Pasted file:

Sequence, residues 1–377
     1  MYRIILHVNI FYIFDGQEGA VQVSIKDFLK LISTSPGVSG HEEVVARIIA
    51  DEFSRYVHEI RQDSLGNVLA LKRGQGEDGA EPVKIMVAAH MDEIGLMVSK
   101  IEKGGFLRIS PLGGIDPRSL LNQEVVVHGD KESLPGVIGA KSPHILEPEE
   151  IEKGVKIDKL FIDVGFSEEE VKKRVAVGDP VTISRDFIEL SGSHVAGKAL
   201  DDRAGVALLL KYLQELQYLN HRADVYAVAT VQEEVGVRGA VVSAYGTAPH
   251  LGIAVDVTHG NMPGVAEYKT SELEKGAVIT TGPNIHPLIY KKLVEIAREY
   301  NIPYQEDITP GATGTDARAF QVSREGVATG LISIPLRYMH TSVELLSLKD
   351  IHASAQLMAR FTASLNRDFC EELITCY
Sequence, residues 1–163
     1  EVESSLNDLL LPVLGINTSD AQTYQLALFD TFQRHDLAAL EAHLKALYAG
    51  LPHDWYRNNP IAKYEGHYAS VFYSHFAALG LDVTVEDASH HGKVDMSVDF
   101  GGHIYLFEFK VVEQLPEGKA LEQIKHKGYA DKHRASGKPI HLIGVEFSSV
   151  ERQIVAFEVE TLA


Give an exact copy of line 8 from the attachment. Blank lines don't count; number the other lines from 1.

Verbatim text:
   301  NIPYQEDITP GATGTDARAF QVSREGVATG LISIPLRYMH TSVELLSLKD